International Day for the Eradication of Poverty
Older people in Slovenia are at greater risk of poverty, particularly women
In 2019, the at-risk-of-poverty rate in Slovenia was 12%, meaning that about 234,000 people in Slovenia were living with income lower than the at-risk-of-poverty threshold.
17 October is the International Day for the Eradication of Poverty. The day was proclaimed by the United Nations General Assembly in 1992 to commemorate 17 October 1987 when over a hundred thousand people gathered at the Trocadéro in Paris, where the Universal Declaration of Human Rights was signed in 1948, to honour the victims of extreme poverty, violence and hunger. Since then, people of all backgrounds, beliefs and social origins have gathered every year on 17 October to renew their commitment and show their solidarity with the poor.
This year the main topic is “Acting together to achieve social and environmental justice for all”. It is taking place during the COVID-19 pandemic, which has seriously jeopardized global efforts to reduce severe poverty around the world by 2020 and eradicate it by 2030.
One in eight people in Slovenia below the at-risk-of-poverty threshold
How is poverty measured? Statistical offices of European countries measure so-called relative poverty, i.e. how many people are poor compared to others. We suppose that due to their low income poor people cannot afford to have a life that is deemed normal for the society in which they live.
Relative poverty is expressed with the at-risk-of-poverty rate, which indicates the share of people living in households in which net disposable income is below the at-risk-of-poverty threshold. In 2019, 243,000 people in Slovenia (12.0% of the population) were living with income lower than the at-risk-of-poverty threshold.
In 2019, the annual at-risk-of-poverty threshold for a one-person household in Slovenia was EUR 8,440 and the monthly threshold EUR 703. This means that people whose net disposable income was lower than EUR 703 were at risk of poverty, i.e. were living below the at-risk-of-poverty threshold.
One in seven people in Slovenia at-risk-of-poverty or social exclusion
Social exclusion is a wider notion than poverty, since it also comprises people who are severely materially deprived or who live in households with very low work intensity. In 2019, one in seven people in Slovenia was at-risk-of-poverty or social exclusion. About 10,000 people were exposed to all three kinds of social exclusion, i.e. risk of poverty, severe material deprivation and very low work intensity.
The data for a longer period show that the at-risk-of-poverty or social exclusion rate in Slovenia is gradually falling. In the past eleven years it declined from 18.5% to 14.4%.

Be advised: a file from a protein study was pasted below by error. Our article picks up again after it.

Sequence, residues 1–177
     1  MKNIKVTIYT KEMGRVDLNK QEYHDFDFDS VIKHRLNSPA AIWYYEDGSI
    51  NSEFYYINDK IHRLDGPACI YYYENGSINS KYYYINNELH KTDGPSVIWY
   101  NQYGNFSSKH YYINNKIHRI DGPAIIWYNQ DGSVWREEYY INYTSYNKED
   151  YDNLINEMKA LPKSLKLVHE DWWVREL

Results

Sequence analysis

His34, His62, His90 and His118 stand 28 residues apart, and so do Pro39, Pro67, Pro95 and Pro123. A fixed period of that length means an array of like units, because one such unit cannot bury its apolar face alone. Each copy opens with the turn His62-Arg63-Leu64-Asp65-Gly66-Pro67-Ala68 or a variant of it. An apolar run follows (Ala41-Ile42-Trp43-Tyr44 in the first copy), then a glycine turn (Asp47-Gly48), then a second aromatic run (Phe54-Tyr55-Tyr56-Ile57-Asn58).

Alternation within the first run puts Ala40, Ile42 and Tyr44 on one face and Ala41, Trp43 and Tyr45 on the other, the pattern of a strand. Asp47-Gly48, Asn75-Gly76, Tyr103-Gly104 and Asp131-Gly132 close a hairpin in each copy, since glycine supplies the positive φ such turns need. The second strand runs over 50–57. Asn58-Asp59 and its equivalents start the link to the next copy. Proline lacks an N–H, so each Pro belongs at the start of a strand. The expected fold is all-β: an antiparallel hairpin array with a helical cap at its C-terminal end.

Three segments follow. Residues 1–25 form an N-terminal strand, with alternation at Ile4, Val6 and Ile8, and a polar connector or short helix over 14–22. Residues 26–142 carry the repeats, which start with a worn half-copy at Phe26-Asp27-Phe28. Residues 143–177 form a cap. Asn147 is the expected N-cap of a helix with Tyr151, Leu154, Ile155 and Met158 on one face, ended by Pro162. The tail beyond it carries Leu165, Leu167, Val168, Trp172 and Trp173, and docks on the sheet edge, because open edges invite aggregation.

Inequality of income distribution in Slovenia
Income inequality, which provides a broader outlook of social exclusion, can be measured with several indicators. Two of the most commonly used are the quintile ratio and the Gini coefficient. The lower their value, the lower the differences in income distribution, i.e. the income is more equally distributed among people in households. In 2019, the Gini coefficient was 23.9% and the quintile ratio was 3.4. This means that 20% of persons with the highest incomes in Slovenia had 3.4-times more income than 20% of persons with the lowest incomes.
Older people, particularly women, at greater risk of poverty
The dynamics of poverty differs by socio-economic categories of persons and households. Data on the at-risk-of-poverty rates by sex and age show that in 2019 women were at greatest risk of poverty (13.0%), particularly those aged 65+ (23.0%). The share grows with age, so that for women aged 75+ the at-risk-of-poverty rate is 28.1%.
As regards the type of household, one-person households are at greatest risk with 38.0% people below the at-risk-of-poverty threshold; women were particularly vulnerable (41.1%). Among households with dependent children, single-parent households with at least one dependent child were at greatest risk (26.1%). As regards activity, as expected the situation was the worst for the inactive (21.3%), particularly the unemployed (43.6%).
Poverty in the EU
According to the latest data, in EU Member States the share of persons at risk of poverty in 2019 was between 10.1% in Czechia and 23.8% in Romania. With the rate of 12%, Slovenia was among the countries with the lowest risk of poverty in the EU. Lower shares of persons at risk of poverty were recorded in Czechia and Finland, while in Hungary, Slovakia and Denmark the rates were similar to the rate in Slovenia. European countries with the highest rates are Bulgaria, Latvia and Romania. Their rates are over 22%. The at-risk-of-poverty threshold was between EUR 2,310 in Romania and EUR 18,430 in Denmark.
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